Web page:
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Trimble Clarity project reader and viewer in the Cloud

Trimble Clarity is now available as a web-based application that allows you to visualize any geospatial data from point clouds to models and eventually line work, polygons and shape files.

With Trimble Clarity, the visualization and navigation of 3D data should be simplified. With this major update going in the cloud, Trimble Clarity enables geospatial professionals to view, use and share 3D point cloud data, models and meshes with engineers, architects, city planners and other project stakeholders via a web browser. It can be viewed on desktop and mobile devices. Trimble Clarity now features cloud integration including Trimble Connect, Dropbox and Google Drive so users can easily log in and view data directly from where it is already stored.

Trimble Clarity is a browser-based viewer for point cloud and 3D model data.
Trimble Clarity is a browser-based viewer for point cloud and 3D model data.

While this tool is capable of aligning disparate data formats in a visual fashion, it is not a GIS. John Fomby, Product Designer for Trimble explains: “The idea is that it allows you to simply share your data with your customers. It is meant to focus on vizualisation and not the complexities. As though it might look a lot like Google Earth, that’s done on purpose. If you can use Google Earth, then you can use Clarity. It should be that simple”.

Reader and viewer

During a short demo, we see different pins on the screen. Fomby: “These are all projects that a company would make. So, instead of seeing your data in files and folders you can just scan it. You see it. If you happen to ‘sort of’ know your location, you can do your search”. He proceeds showing a demo of the Westminster area in the UK. There’s a drone scan, a steel structure scan and a SketchUp model. “We are source data-agnostic, we only need to recognize the file format.” Trimble Clarity supports data from Trimble products, such as the Trimble SX10 Scanning Total Station, Trimble TX Series 3D scanners and Trimble MX9 Mobile Mapping System, as well as data from non-Trimble sources, making it useful for any organization that captures 3D data. There is support for 3D point cloud, imagery and mesh model formats, including: .las/.laz/.e57/.skp/.obj.

Once you're logged in, you can import your point cloud data (.las, .laz, .e57) and 3D models (.skp, .obj) associated with your project. Then you can generate links (public or private) to share this project.
Once you’re logged in, you can import your point cloud data (.las, .laz, .e57) and 3D models (.skp, .obj) associated with your project. Then you can generate links (public or private) to share this project.

Basically, Trimble Clarity works both as a data reader and a viewer. “It works in the same way on your phone and tablet as it does in your office. So you could be out on the site and look at what you want to inspect”, says Fomby. “It is showing this steel structure and the SketchUp model, right? The idea is not to be an engineering level tool. It’s to give people a way to communicate about things that they should be looking out for in the field.”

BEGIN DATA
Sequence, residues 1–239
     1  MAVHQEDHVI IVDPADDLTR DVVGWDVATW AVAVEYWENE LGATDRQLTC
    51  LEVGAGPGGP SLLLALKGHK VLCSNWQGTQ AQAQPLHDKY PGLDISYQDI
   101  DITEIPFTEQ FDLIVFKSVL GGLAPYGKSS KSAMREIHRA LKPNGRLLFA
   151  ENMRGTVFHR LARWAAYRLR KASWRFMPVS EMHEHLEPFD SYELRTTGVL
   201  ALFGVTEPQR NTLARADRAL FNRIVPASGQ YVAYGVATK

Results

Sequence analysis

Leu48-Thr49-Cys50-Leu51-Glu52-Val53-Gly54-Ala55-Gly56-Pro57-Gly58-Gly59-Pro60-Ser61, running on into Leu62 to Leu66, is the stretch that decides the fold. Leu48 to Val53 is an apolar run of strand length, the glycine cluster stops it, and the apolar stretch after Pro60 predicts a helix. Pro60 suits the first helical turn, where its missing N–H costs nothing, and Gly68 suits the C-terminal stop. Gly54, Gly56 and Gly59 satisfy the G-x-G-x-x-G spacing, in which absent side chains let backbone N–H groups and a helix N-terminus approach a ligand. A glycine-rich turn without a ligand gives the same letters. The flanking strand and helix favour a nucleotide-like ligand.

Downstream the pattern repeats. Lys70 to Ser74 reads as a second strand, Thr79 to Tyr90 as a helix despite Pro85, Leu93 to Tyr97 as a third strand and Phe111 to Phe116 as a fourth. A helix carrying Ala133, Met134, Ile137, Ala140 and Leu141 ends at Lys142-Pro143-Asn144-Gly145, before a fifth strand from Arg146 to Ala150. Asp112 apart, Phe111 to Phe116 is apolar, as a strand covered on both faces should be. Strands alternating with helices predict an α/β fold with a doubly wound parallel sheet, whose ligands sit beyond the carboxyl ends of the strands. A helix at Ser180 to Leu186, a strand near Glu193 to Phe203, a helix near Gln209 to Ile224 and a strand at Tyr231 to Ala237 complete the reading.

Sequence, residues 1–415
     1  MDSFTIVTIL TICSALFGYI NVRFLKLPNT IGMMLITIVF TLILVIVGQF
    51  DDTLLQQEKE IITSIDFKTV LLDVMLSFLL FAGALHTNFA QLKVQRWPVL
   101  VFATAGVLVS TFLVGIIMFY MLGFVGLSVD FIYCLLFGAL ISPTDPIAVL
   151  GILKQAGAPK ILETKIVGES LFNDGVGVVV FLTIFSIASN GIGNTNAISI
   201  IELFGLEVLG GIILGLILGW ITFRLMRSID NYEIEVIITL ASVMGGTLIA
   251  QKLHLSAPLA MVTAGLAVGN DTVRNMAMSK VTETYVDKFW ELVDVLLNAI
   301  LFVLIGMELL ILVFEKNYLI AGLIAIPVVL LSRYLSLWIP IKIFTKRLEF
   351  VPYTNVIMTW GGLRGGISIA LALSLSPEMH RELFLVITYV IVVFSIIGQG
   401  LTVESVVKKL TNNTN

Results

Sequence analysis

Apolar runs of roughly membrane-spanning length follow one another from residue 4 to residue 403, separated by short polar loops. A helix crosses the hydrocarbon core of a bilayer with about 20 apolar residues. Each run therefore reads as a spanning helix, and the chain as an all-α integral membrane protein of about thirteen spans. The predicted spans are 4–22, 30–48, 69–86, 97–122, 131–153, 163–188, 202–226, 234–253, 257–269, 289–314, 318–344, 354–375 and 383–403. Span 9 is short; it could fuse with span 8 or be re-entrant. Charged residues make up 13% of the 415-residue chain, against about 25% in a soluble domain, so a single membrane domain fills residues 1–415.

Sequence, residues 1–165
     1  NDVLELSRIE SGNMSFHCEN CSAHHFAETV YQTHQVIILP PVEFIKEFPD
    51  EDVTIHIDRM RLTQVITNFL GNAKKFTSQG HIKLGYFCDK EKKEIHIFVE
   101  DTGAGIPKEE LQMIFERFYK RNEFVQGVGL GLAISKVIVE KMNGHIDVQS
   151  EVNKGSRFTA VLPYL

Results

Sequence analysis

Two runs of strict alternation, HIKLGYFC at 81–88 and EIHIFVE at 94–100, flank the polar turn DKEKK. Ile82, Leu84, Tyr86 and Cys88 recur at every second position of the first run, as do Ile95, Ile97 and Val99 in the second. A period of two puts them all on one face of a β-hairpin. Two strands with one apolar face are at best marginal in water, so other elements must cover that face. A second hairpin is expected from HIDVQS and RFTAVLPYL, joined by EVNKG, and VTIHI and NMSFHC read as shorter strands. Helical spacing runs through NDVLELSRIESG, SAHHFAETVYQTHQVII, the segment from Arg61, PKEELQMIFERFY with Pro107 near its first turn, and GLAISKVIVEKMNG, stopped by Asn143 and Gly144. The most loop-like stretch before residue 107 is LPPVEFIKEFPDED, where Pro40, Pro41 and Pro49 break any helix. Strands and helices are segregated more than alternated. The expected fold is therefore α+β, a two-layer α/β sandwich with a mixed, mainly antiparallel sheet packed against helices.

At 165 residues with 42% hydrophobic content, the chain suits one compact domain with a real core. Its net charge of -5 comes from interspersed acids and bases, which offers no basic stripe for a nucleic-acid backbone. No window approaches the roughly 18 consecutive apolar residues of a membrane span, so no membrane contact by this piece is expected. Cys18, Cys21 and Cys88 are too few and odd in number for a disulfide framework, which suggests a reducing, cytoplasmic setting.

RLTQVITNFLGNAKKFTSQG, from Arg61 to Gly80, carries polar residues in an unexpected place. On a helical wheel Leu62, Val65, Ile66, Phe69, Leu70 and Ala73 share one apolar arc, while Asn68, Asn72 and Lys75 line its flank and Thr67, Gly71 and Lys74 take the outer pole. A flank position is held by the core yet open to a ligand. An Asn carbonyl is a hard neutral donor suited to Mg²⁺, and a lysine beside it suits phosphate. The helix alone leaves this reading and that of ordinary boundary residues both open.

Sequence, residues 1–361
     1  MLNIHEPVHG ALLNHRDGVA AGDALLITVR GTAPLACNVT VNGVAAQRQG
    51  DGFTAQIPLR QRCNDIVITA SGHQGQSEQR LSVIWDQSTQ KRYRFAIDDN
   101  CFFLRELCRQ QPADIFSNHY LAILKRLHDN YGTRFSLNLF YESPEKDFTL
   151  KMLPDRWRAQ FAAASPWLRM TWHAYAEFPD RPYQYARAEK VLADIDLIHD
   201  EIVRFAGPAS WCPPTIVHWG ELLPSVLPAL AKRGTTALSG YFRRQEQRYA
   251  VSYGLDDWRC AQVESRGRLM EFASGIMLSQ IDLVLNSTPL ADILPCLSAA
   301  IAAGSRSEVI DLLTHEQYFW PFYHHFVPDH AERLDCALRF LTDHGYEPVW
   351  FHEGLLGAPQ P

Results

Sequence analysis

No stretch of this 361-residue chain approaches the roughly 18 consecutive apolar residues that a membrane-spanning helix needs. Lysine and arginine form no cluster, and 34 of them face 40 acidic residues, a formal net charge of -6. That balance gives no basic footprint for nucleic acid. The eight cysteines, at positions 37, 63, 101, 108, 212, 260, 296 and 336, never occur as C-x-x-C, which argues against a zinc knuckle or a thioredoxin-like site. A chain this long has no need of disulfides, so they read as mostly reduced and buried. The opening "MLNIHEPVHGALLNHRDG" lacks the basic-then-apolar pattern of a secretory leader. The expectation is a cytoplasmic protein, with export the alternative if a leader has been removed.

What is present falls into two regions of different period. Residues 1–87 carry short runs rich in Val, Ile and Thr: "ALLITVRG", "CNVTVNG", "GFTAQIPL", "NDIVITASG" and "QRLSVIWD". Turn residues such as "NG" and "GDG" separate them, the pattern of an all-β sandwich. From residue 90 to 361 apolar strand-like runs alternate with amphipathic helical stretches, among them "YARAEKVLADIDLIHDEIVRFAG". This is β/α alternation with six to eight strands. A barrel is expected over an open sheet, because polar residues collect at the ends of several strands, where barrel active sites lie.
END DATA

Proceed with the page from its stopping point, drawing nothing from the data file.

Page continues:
Reality augmented

By viewing the 3D data as a location-based project, users are able to more quickly understand the context of the data, significantly improving the ease of use compared to traditional folder-based approaches. Within the ‘augmented’ reality of planned constructions in a ‘real life’ environment, the user can do inspections and reports. John Fomby adds: “We have the ability to set annotations, labels or notes that can be flagged as well as doing measurements. You can go point-to-point, but it’s also possible to go between point cloud and the model to get the differences. To share with Clarity is as simple as setting up your view. Just message whoever you are sharing with. They can see the exact same view and they can do their own measurements. They do not need to sign in, they just click the url. If a password’s required, then they just type in the password.”

Read more: Scan data in the field made easy/ Trimble X7

Project owner versus end-user

During the Trimble Clarity demo, there was a notable difference between views after sharing. John Fomby explains: “The owner of the project is going to have access to different tools. Your stakeholders or who you are sharing it with will not be able to make changes or manipulate the data. They can read the annotations. They can only see it.”

Trimble's office building in Colorado during the construction phase as seen in Trimble Clarity..
Trimble’s office building in Colorado during the construction phase as seen in Trimble Clarity.

The Clarity product range

Within the Clarity range, there are four versions, or tiers. Fomby says: “There ‘s a free version that people can sign up and get access to; then there is ‘Business Level’, which gives you access to forty of your projects. ‘Professional’ will give you a hundred. A project is considered what you see on the screen and how you use the uploads. Then there is an Enterprise version, which can hold up to 500 projects.” Within the Business Level, it does not matter if a project is big or small. “Right. Since we do not store the original data, there is no need for us to charge based on the size.” Trimble does size the tiles, though. “Yes. When we look at something that can be a 200 Gig LAS file, we convert it into tiles then it will down to 2 Gig.” This is seen by Trimble as a complimentary service. “We pull it across and then delete the data. So, the idea is that we want the people to share and see the data, rather than charging them an exorbitant amount of money.”